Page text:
Competency is not an abstract concept. In the everyday world, competency shows up daily in situations where snap judgements are made, values are considered, and the resulting behaviour can make or break a successful business transaction. Here’s a tale of two opposite experiences, told by Dana Stoesz, Director of Customer Care, Research & IT for Entegrys.
I recently took my toddler to a restaurant for lunch. We avoid gluten as a family, and this particular restaurant had several gluten-free lunch options. Our server took the time to explain the menu to me and even pointed out that some of the kids’ meals could be adapted to be gluten-free. She listened with interest as I talked about what it’s like to be gluten free as a family. In the end, we decided on a sandwich—a rare treat for someone who is gluten intolerant.
When I asked where they bought it, our server said this particular gluten-free loaf was carried by a local grocery store. She wrote down the name for me and explained how they store it to serve it at its tastiest. When she learned I had to leave shortly, she quickly brought me the bill and processed my payment on the spot. On my way out, I stopped by the kitchen to pass on a message to the manager about Krysti-Anna’s extremely pleasant and helpful service.
Later that day, I stopped at a bulk food store to purchase some gluten-free flour, sold in bulk, that was on sale at 50% off. Only at home did I realize that I had paid much more than the tagged price, so I called the store. The clerk listened, checked into it, and then assured me I had been charged the correct price. After asking a few more questions, I learned that it was indeed incorrectly tagged by the store. The clerk passed me on to a supervisor, “Jeff,” who was hesitant but agreed I should pay the accurate sale price. He said to bring the flour back in before their sale was over for a refund.
I returned to the store on the last day of the sale. Unfortunately, Jeff’s wasn’t working that day. The clerk on duty listened to my refund request and referred me to her supervisor who checked the price on the bulk bin, which had since been corrected. I told him that Jeff said he’d leave a note about the price and the situation. I don’t know the note was ever found. The supervisor did try to phone Jeff and apparently didn’t reach him, so he brought yet another supervisor from the back. They deliberated for several minutes while I waited. Finally, the second supervisor informed me that the prices are handed down from head office and listed correctly in their flyer, and that Jeff didn’t have the authority to tell me that I could receive the price it was tagged at when I bought it. I asked to return the untouched bag of flour for a refund, but he refused.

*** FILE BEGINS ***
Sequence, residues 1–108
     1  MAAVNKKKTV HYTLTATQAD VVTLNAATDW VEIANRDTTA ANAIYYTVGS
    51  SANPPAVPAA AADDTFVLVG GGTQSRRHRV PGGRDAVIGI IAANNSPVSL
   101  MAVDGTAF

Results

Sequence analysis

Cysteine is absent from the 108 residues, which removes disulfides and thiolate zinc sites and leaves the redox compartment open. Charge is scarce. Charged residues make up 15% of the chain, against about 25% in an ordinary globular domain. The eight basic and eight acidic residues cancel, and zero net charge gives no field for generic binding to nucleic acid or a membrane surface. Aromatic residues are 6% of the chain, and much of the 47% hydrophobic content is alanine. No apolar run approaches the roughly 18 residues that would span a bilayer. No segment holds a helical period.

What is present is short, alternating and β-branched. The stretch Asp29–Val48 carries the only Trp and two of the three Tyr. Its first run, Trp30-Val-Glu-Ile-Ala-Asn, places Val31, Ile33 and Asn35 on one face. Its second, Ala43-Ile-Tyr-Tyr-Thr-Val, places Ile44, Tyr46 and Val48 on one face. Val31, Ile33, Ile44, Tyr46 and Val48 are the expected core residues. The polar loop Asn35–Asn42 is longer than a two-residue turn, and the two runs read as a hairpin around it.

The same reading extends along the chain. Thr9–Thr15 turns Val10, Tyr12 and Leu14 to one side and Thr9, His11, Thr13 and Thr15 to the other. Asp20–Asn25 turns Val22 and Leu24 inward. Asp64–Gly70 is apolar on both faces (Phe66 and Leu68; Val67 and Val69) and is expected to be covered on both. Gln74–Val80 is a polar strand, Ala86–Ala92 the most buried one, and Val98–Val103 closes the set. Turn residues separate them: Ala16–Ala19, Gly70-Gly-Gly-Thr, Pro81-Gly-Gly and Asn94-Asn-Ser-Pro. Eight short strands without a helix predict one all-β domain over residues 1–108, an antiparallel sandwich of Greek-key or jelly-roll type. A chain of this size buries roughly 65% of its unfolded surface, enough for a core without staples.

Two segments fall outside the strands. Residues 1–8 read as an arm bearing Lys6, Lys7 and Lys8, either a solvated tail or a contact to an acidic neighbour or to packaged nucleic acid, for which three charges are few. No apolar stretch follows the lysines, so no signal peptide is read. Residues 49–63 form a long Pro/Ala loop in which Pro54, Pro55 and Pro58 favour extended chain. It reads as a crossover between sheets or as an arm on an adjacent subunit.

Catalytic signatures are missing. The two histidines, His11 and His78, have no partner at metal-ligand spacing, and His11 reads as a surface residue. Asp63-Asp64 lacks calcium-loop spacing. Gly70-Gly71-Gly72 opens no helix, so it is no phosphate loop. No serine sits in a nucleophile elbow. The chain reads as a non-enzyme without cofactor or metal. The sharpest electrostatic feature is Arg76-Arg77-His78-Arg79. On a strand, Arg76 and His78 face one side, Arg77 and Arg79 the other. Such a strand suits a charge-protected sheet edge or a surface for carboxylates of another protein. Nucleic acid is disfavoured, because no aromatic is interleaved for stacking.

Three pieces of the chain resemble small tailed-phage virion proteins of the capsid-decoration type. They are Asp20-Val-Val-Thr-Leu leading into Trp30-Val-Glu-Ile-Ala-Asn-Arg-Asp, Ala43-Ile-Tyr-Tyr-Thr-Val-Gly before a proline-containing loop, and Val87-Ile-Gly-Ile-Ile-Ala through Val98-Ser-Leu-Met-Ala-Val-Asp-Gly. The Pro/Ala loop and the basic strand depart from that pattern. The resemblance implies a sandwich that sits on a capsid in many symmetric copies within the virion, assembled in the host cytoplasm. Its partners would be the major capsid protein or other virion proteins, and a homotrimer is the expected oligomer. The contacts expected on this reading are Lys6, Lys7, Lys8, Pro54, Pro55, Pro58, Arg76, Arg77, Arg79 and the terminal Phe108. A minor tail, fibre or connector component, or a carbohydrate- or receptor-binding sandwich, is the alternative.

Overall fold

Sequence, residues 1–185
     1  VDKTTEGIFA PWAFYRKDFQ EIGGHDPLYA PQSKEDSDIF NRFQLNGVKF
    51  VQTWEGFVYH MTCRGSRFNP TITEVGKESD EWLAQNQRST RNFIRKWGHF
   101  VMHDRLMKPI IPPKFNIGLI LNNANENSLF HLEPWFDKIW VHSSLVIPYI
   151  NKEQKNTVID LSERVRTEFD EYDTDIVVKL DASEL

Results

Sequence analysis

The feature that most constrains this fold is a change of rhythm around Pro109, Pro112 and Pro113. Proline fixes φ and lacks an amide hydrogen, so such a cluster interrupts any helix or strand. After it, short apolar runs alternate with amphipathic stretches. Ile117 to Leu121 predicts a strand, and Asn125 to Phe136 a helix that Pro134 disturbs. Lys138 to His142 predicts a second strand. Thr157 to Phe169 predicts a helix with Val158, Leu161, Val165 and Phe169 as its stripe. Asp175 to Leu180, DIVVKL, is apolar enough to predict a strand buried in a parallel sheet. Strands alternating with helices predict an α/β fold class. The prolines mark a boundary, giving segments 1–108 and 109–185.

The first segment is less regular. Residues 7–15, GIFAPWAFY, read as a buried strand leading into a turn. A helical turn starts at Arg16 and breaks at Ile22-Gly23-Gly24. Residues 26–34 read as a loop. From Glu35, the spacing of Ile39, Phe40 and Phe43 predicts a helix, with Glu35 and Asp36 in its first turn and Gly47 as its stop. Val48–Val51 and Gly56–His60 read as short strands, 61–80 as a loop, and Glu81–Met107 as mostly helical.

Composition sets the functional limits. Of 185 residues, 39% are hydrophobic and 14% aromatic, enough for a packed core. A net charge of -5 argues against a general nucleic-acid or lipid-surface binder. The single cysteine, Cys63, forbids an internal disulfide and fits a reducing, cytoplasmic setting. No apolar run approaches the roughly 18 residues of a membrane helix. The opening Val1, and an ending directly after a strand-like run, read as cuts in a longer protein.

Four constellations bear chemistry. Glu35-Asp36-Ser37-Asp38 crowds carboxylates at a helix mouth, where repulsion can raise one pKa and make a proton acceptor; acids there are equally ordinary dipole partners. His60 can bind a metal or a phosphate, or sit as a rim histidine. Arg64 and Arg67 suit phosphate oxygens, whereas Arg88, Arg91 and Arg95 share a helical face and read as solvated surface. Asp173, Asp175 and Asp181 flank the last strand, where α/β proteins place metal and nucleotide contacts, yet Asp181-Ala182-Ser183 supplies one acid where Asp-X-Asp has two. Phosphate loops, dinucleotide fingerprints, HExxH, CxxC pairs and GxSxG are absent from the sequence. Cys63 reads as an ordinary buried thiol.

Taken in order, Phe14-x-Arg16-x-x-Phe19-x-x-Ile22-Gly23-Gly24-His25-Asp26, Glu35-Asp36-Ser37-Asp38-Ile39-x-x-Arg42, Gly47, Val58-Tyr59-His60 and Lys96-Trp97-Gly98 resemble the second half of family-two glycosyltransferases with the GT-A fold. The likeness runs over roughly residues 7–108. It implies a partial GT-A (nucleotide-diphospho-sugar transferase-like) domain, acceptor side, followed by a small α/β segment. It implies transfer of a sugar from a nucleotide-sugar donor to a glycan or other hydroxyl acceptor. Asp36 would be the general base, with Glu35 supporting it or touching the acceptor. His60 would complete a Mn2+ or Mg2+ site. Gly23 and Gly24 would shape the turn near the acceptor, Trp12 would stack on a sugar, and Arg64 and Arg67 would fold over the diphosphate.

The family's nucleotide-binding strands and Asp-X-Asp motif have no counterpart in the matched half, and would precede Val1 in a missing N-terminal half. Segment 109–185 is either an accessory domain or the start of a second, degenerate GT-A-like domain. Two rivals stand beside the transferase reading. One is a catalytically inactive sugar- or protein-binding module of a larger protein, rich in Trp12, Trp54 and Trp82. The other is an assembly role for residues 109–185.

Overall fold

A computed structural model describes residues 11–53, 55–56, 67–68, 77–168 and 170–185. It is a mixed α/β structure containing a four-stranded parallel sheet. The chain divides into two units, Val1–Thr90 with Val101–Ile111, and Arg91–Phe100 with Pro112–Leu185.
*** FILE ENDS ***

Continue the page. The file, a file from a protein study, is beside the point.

Typically, this would have been understandable, given it was a bulk item, but under the circumstances it felt inappropriate. I asked if he would be willing to lose a customer over a few dollars. Apparently he was, and I left. At home, I found the store’s website and wrote a note to their head office explaining that I would be looking elsewhere for my gluten-free flour needs, since apparently customers are paying for pricing mistakes at their store.
A woman at the store’s head office responded by email first thing the next day, saying that she was sorry to hear about my negative experience, she would contact the storeowner, and someone would contact me. She did reach the owner, who, as an apology, promised to leave me a small gift card at the front of the store that I could pick up next time I came in. The owner also committed to doing some customer service training with her staff.
So I will go back, if only to claim my gift card and satisfy a sense of justice. But whether I continue shopping there will depend on the outcome of their customer service training. In this case, they were given a second chance by their senior management, who had a good sense of healthy customer relations.
But the health-food store experience reminded me of the great power that frontline staff have in shaping the attitudes, and the loyalty, of their customers. It appears our restaurant server already understands this principle and has decided to use her influence to generate a flock of faithful customers in her workplace. She’ll be happy at work, and her customers will be too.